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"On my part, I remain committed to the process of dialogue. It is my firm belief that dialogue and a willingness to look with honesty and clarity at the reality of Tibet can lead us to a viable solution."

Losar is the New Year in Tibet. Year of the Male Iron Tiger, anyone?

February 15, 2010

Alexis J Hyatt
Buddhist Beliefs
February 13, 2010

This year Losar is held on February 14, and along
with traditional festivities, special wishes are
being made by Tibetans to strengthen their identity over China in 2010.

Happy Losar! In Tibetan, LO means Year, and SAR
means New. Losar is the most important holiday
celebrated in Tibet, and for a region that has
come to symbolize the continuous struggle for
freedom, this year's festivities promise to be
literally statement making throughout the year.
It may be the year 2010 according to the
Gregorian calendar, but this is the start of
Tibetan Year 2137, year of the Male Iron Tiger.

History of Losar

The roots of Losar trace back to the pre-Buddhist
period known as Bon, the oldest spiritual
tradition in Tibet. The precursor of ceremonies
for what is now called Losar occurred to
celebrate the arts of cultivation, irrigation,
refining iron from ore and the building of
bridges when they were first commenced in Tibet.
These activities became the annual Tibetan
farmer's festival once the science of astrology,
based on the five elements, were beginning to be
practiced. Losar, the lunar New Year, was born
out of the study of the elements used to create
the Tibetan calendar and the accompanying festivities which still take place.

Losar Customs and Traditions

In some parts of Tibet, Losar is celebrated over
a 15 day period. But the majority of festivities
occur within the first three days of the holiday.
On the day before the eve of Losar, it is
tradition to cook special noodle dishes and dough
balls to serve. These dough balls are made with a
hidden object or material baked inside of them
and given to a person whose personality matches
the meaning of the object within the dough ball.
For example, if a person opens their given dough
ball and encounters chilies, this means they are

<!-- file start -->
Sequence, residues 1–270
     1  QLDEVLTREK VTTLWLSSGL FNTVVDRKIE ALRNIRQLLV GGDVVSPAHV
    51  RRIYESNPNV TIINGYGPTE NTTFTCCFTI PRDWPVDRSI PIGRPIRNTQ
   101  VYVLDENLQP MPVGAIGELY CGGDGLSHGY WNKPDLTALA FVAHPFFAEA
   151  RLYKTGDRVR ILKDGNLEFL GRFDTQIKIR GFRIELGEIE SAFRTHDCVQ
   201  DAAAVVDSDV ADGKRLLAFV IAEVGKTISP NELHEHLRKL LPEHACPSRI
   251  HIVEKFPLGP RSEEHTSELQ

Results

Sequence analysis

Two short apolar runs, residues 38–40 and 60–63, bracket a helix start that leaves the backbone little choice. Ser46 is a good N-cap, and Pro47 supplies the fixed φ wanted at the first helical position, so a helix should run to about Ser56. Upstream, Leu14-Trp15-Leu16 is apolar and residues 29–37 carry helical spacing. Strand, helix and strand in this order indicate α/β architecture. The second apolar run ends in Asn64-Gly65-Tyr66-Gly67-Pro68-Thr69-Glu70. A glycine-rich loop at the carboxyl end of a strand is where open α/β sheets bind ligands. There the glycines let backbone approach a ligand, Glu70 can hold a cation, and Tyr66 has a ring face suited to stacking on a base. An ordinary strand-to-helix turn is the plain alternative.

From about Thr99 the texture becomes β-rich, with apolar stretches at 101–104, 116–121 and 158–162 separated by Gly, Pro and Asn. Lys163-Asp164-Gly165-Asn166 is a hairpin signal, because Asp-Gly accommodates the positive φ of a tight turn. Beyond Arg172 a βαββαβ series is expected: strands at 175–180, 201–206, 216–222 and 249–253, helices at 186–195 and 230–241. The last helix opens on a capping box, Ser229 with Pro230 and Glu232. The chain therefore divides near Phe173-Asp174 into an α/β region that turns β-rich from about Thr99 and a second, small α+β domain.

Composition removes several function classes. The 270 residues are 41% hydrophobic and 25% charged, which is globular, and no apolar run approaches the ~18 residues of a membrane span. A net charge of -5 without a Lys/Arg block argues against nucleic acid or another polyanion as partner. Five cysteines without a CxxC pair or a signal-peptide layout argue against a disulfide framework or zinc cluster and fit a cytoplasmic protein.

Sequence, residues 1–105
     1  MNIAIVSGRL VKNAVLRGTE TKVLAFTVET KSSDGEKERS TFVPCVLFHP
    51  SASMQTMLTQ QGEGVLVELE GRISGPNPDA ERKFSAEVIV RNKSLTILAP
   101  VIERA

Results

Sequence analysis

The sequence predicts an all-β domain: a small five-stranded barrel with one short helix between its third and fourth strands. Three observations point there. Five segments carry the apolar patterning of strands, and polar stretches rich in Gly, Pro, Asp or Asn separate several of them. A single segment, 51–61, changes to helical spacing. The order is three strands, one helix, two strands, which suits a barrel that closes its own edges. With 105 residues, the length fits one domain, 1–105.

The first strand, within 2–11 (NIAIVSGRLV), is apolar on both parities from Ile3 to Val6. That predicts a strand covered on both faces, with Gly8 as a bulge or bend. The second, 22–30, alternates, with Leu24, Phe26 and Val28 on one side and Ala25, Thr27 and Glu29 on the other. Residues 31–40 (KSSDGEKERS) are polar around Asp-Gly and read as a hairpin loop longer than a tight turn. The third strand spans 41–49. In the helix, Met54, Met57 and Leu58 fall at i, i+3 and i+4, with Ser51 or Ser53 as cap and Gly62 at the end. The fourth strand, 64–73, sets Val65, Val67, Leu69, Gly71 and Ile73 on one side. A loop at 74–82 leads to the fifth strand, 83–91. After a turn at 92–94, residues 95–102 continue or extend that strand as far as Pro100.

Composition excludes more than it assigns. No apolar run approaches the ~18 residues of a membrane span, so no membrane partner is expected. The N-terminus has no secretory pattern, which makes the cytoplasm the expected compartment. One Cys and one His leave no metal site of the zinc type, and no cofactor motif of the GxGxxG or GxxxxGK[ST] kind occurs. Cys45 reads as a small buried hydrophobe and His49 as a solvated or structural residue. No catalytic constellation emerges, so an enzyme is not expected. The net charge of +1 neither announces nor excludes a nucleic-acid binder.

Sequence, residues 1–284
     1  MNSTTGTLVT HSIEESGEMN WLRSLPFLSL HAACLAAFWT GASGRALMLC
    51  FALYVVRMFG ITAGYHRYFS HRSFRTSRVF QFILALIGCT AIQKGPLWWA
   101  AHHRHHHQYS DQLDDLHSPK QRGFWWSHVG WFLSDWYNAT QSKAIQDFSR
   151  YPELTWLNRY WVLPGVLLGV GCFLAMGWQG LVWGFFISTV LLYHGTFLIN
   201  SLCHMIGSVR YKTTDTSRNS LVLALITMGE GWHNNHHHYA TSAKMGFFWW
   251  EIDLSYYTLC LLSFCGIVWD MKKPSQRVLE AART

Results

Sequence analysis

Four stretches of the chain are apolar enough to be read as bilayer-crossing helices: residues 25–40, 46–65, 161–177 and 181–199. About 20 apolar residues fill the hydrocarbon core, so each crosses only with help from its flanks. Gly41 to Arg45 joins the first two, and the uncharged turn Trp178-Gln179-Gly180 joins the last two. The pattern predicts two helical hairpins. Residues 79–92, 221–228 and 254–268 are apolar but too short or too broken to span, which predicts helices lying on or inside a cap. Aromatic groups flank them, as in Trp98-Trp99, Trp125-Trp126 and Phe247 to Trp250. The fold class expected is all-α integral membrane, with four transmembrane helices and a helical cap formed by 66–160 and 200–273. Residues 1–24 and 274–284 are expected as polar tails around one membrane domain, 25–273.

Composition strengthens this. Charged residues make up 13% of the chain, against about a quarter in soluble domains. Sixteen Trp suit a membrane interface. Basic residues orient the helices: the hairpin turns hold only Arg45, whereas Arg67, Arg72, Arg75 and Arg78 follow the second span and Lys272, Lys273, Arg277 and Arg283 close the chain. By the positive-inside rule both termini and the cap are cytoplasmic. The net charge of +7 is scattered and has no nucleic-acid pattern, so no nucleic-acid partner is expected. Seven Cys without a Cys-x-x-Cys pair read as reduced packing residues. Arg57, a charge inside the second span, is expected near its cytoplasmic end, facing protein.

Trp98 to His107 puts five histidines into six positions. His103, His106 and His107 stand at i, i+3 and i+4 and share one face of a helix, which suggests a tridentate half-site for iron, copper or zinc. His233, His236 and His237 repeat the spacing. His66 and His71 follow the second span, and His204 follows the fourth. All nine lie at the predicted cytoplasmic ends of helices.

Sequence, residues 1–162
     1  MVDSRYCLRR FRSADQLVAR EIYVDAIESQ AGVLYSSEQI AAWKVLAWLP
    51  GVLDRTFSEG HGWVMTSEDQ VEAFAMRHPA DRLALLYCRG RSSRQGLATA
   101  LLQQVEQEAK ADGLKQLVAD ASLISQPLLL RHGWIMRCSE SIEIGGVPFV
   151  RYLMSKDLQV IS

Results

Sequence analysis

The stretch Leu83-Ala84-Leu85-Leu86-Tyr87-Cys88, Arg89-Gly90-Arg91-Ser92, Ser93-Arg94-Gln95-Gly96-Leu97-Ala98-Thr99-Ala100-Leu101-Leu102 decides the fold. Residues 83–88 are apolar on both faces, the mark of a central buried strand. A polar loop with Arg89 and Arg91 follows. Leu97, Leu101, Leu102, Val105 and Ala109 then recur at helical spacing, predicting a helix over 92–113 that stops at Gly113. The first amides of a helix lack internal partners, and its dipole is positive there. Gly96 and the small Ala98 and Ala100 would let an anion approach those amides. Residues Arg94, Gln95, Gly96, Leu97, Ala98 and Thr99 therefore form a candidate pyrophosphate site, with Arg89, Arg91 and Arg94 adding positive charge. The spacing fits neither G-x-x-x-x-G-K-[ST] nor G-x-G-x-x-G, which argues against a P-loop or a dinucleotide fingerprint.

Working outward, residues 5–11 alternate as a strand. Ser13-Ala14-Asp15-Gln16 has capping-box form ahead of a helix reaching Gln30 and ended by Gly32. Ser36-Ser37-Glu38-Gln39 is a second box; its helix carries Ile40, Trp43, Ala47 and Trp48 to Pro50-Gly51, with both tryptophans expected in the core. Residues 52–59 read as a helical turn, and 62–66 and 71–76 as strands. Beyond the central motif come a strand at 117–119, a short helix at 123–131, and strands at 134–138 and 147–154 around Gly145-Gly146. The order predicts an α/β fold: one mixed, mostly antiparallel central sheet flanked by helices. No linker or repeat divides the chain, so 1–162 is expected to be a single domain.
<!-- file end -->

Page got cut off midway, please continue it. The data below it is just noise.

talkative, whereas coal in one’s dough ball
signifies they have been naughty, all presented
in good humor. The next day, the eve of Losar, is
spent cleaning and preparing for the pending
celebrations. This is also the day when Lama
Losar, intricate offerings, is also put forth.
The first three days of Losar are reserved for
secular gatherings, preparing traditionally
dishes and beverages, and paying respect to the
Dalai Lama for good luck in the upcoming year and
hopes for a long and healthy life to all.

Losar: Because I am Tibetan

The Students for a Free Tibet website
(, is celebrating
Losar: Because I am Tibetan. This Losar, year
2137 for Tibetans, is year of the Male Iron
Tiger, a time for change, hope and renewal. In
honor of the dawning of this New Year, Students
for a Free Tibet is encouraging Tibetans and
supporters of Tibet to promote change, hope and
renewal during this special year. Tibetans are
looking forward to asserting their identity more
strongly than ever by taking a Losar pledge to
take action for Tibet. This pledge is to
encourage Tibetans to take one action a week or
one simple action a day in the name of Tibetan
identity and strength. Non-Tibetans who are
supporters of Tibet are also making pledges to
take a specific action this year for Tibet and
its people. There are also Losar greeting cards
that people can send to President Obama in honor
of the New Year and his planned meeting with the
Dalai Lama. The Year of the Male Iron Tiger is
full of promise already for Tibetans. Hopefully
it will be a year full of peace and strength.
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